Paging ex-Dr Geier (13/10/2012)
I've been hearing a lot recently, mainly from supersleuth Tim Bolen, about how the father and son Geier team of autism curers and anti-vaccination liars were about to destroy the medical establishment by defeating all the charges made against them for their despicable conduct in prescribing and supplying (at enormous expense) a drug used for chemically castrating sex offenders. The patients they were supplying it to were children with autism. Yes, you read that right. They were giving a castration drug to children. And they were lying to insurance companies about the medical conditions of the children (Lupron is allowed in certain cases of hormonal disorders).
Here are the last two sections of a ruling by the Maryland Sate Board of Physicians on August 22, 2012:
The ALJ commented that Dr. Geier abused the trust that these patients' families placed in him. "By dissembling, misrepresenting, failing to see his patients for months and years before treating them, applying a protocol-based treatment to children who do not fit the protocol, using non-FDA-approved drugs without fully informed consent, and for all of the other violations found and discussed in this Proposed Decision, he abused that trust. I agree with the State that these actions betray the relationship of a physician to a vulnerable child and his desperate parents." The Board agrees.
The ALJ proposed that the Board revoke Dr. Geier's license. Dr. Geier has displayed in this case an almost total disregard of basic medical and ethical standards by treating patients without properly examining or diagnosing them, continuing treatment without properly evaluating its effectiveness, and providing "informed consent" forms that were misleading and in at least one case blatantly false. He provided treatments supposedly according to an investigational protocol, but the investigation was approved only by a sham Institutional Review Board, and he applied protocols to patients who did not fit his own profile. He provided treatment by a drug not approved for use in this country while informing parents that a different drug would be used. His actions toward his patients were not those of an honest and competent physician, nor do they appear to be those of an objective and ethical researcher. Dr. Geier made little use of those methodologies that distinguish the practice of medicine as a profession. At the same time, he profited greatly from the minimal efforts he made for these patients. In plain words, Dr. Geier exploited these patients under the guise of providing competent medical treatment. Such a use of a medical license is anathema to the Board. The Board has no hesitation in revoking his medicallicense.37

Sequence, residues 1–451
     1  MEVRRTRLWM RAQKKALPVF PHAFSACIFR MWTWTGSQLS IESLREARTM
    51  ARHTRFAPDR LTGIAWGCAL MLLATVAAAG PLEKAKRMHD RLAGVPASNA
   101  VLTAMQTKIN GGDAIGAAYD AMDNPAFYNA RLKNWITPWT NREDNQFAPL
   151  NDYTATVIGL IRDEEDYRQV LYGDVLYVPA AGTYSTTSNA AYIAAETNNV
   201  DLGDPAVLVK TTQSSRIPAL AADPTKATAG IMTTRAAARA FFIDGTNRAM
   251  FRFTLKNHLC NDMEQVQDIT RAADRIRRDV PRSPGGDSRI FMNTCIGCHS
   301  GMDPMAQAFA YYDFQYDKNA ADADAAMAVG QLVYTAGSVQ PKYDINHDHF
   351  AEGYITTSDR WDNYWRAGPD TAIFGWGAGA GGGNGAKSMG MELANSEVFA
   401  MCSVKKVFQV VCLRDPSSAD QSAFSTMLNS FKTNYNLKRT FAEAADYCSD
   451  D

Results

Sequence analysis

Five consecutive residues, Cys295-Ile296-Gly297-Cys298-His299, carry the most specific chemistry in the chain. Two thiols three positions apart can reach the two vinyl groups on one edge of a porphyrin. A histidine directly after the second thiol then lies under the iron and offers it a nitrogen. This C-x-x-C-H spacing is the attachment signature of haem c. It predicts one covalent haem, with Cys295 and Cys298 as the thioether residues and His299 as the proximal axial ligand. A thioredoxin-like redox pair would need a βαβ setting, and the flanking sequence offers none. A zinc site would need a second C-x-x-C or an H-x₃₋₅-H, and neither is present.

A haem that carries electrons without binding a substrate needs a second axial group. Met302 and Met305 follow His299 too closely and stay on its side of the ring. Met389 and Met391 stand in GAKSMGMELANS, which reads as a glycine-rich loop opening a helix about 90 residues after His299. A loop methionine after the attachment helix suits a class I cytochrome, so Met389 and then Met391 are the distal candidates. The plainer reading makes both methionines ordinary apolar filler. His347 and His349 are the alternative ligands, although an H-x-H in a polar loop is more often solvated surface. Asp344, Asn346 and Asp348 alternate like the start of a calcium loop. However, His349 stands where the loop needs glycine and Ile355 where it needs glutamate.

It is therefore ORDERED that the medical license of Mark R. Geier, M.D., No. D24250, be, and it hereby is, REVOKED; and it is further
ORDERED that the summary suspension of Dr. Mark R. Geier imposed by the Board in its Final Decision and Order of March 22, 2012 under Md. State Gov't Code Ann.� 10-226(c) (2) is TERMINATED as moot.
And here is a media release from the Washington State Department of Health, issued on October 12, 2012.
Doctor's license permanently revoked for not cooperating with investigation
Redmond autism clinic medical director's license now permanently revoked
OLYMPIA – The medical license of physician Mark Geier (MD60041602) has been permanently revoked by the Medical Quality Assurance Commission and the state Department of Health. Although Geier has been living and practicing in Silver Spring, Maryland, he was the medical director of an autism clinic in Redmond.